CtiTV News has been fined NT$600,000 (US$20,033) for broadcasting a false statement by Chinese Nationalist Party (KMT) Tainan City Councilor Hsieh Lung-chieh (謝龍介) in one of its political talk shows, the National Communications Commission said yesterday.
Viewers had complained about an episode of News Tornado (新聞龍捲風) aired on June 24 last year, the commission said.
According to the commission’s archival footage, the talk show host called Hsieh, who said that police could accurately count the number of people at a campaign rally in Hsinchu in support of Kaohsiung Mayor Han Kuo-yu (韓國瑜), who was then the KMT’s presidential candidate, because the government was monitoring the whereabouts of Han’s supporters through their mobile phones.
Police could also determine the age group and gender of the supporters by examining the personal information registered to mobile phone numbers serviced by six to eight base stations surrounding the rally’s venue, Hsieh said.
Hsieh’s comments were determined to be rumors intended to cause panic, the commission said.
“In this case, the host should have pressed Hsieh for evidence to support his claims, but failed to do so,” it said.
“The channel was fined NT$600,000 for breaching Article 27 of the Satellite Broadcasting Act (衛星廣播電視法), which stipulates that broadcast news media should not impugn on the principle of fact verification, and causing damage to the public interest,” Department of Broadcasting and Content specialist Chen Shu-ming (陳書銘) said.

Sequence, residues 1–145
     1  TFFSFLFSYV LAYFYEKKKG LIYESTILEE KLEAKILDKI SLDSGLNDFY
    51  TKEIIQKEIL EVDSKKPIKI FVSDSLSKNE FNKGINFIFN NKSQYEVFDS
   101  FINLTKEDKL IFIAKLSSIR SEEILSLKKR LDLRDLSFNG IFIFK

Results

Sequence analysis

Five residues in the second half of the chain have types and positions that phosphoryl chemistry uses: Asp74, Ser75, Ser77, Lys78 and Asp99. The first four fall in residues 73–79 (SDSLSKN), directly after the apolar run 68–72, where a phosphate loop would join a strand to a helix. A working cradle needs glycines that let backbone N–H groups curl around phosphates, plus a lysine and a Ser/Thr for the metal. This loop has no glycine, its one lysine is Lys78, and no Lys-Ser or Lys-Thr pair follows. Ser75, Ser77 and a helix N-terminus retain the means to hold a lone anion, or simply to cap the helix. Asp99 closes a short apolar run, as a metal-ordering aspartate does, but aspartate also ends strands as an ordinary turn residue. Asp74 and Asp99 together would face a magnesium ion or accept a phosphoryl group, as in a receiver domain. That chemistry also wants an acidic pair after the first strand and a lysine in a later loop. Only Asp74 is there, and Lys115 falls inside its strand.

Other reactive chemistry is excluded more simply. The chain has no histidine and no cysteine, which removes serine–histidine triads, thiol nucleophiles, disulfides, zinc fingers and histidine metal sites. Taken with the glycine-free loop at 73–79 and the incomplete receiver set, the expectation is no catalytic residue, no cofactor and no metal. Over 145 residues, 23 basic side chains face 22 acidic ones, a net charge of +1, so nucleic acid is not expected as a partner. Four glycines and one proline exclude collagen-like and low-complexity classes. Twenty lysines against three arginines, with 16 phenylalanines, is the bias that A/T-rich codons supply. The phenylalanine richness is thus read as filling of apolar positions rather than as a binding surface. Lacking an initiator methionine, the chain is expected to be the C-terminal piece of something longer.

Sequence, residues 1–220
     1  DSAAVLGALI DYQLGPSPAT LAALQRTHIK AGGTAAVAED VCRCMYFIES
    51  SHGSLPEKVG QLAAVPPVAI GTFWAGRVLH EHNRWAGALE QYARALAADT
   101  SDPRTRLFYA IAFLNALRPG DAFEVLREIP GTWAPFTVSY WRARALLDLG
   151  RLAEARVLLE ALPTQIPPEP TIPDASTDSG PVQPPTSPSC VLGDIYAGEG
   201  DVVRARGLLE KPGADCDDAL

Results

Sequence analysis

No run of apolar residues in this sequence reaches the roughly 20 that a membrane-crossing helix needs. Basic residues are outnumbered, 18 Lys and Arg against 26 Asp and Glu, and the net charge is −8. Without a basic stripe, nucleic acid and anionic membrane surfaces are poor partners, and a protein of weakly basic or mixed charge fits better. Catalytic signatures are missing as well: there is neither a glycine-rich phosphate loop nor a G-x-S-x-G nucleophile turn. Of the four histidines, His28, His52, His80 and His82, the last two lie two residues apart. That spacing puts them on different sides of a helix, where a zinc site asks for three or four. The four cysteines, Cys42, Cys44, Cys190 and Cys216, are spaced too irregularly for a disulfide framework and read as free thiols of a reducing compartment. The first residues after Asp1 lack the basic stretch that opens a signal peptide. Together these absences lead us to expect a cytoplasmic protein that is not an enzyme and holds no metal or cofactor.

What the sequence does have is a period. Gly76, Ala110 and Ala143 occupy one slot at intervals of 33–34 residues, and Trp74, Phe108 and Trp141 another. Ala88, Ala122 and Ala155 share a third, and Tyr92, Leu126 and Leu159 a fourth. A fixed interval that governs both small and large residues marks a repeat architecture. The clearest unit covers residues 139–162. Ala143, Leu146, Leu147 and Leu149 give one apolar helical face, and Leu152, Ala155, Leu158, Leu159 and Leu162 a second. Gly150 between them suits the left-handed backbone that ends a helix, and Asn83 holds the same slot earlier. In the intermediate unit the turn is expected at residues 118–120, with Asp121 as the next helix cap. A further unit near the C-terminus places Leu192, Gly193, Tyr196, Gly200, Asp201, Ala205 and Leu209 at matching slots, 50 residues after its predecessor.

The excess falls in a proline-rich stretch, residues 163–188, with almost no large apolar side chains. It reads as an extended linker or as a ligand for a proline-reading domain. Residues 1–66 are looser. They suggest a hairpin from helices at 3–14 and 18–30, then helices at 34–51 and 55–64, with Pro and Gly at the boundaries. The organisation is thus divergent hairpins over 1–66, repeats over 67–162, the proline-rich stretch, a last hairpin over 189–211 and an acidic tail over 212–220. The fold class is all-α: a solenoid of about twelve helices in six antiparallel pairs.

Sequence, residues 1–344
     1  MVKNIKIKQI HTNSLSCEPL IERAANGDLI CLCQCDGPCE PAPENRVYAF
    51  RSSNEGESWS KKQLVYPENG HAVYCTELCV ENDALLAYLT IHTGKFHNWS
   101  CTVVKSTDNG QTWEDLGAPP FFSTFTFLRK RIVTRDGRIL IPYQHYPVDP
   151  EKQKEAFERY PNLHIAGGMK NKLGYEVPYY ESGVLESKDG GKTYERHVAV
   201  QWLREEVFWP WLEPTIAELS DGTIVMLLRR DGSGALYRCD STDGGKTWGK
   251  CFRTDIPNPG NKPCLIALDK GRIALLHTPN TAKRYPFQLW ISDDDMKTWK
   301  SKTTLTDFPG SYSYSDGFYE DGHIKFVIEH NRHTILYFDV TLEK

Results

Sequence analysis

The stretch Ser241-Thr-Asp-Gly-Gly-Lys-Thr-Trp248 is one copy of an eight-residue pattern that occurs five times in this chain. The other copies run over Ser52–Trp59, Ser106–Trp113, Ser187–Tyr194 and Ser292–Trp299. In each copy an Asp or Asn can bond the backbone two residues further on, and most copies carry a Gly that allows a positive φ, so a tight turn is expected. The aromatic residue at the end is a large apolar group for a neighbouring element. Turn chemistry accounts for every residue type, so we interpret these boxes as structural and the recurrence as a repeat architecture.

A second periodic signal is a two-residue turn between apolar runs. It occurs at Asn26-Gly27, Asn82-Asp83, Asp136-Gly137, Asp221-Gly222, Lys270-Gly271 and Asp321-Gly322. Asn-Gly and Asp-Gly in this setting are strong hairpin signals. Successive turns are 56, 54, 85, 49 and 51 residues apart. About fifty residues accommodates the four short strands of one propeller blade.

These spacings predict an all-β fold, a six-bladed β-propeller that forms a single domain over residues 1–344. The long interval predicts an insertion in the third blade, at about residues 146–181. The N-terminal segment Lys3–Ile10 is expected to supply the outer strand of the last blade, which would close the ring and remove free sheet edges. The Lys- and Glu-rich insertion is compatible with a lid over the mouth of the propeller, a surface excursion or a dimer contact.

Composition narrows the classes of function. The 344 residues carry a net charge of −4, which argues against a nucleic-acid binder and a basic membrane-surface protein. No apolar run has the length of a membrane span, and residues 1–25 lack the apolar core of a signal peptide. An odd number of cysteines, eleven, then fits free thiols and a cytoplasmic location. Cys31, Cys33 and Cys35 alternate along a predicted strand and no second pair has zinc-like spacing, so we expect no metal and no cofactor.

CtiTV has been fined a total of NT$5.63 million for contravening the act 11 times since last year, he said, adding that seven of the infractions were related to coverage of Han.
As CtiTV is to renew its license at the end of this year, the commission would take all factors into consideration when reviewing its license renewal application, including its record of offenses, commission acting spokesman Hsiao Chi-hung (蕭祈宏) said.
The Taipei District Court on Jan. 2 overturned a NT$200,000 fine the commission last year imposed on CtiTV for failing to fact-check when reporting about a November 2018 rally in Kaohsiung’s Cishan District (旗山) by former Democratic Progressive Party legislator Chen Chi-mai (陳其邁), who was then the party’s Kaohsiung mayoral candidate.
Although the commission has vowed to appeal the court’s ruling, industry observers said that the verdict would likely goad the channel into pursuing another Han-related lawsuit.
Meanwhile, SET-TV News and Formosa TV News were asked to improve the quality of their news programming after they allegedly misquoted a question by Han to Chen Chi-mai, who had assumed the post of vice premier after losing the election to Han, during a joint inspection of the city last year.
Han had said: “Why did dengue fever spread from this particular borough to other boroughs,” but the two stations quoted him as saying: “Why would dengue fever spread?”
Both stations claimed that their reporters’ microphones failed to pick up the latter part of Han’s statement because Han and Chen Chi-mai were surrounded by too many reporters at the time, but the commission told them that they should not misquote statements and issue corrections if they do, Chen Shu-ming said.
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